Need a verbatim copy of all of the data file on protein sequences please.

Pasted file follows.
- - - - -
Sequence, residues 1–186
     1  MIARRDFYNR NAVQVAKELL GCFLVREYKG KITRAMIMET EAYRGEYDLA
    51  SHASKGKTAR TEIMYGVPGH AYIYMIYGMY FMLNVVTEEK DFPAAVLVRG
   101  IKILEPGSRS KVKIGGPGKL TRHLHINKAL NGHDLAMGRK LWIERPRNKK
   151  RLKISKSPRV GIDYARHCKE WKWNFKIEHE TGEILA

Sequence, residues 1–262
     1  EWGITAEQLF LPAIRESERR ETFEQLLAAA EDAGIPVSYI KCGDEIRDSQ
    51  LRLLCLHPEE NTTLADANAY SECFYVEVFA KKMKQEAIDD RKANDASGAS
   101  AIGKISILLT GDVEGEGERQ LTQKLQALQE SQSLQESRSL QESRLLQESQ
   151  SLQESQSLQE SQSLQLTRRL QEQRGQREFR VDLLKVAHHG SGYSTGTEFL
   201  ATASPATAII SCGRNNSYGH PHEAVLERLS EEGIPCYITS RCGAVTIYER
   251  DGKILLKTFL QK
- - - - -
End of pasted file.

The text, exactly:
Sequence, residues 1–186
     1  MIARRDFYNR NAVQVAKELL GCFLVREYKG KITRAMIMET EAYRGEYDLA
    51  SHASKGKTAR TEIMYGVPGH AYIYMIYGMY FMLNVVTEEK DFPAAVLVRG
   101  IKILEPGSRS KVKIGGPGKL TRHLHINKAL NGHDLAMGRK LWIERPRNKK
   151  RLKISKSPRV GIDYARHCKE WKWNFKIEHE TGEILA

Sequence, residues 1–262
     1  EWGITAEQLF LPAIRESERR ETFEQLLAAA EDAGIPVSYI KCGDEIRDSQ
    51  LRLLCLHPEE NTTLADANAY SECFYVEVFA KKMKQEAIDD RKANDASGAS
   101  AIGKISILLT GDVEGEGERQ LTQKLQALQE SQSLQESRSL QESRLLQESQ
   151  SLQESQSLQE SQSLQLTRRL QEQRGQREFR VDLLKVAHHG SGYSTGTEFL
   201  ATASPATAII SCGRNNSYGH PHEAVLERLS EEGIPCYITS RCGAVTIYER
   251  DGKILLKTFL QK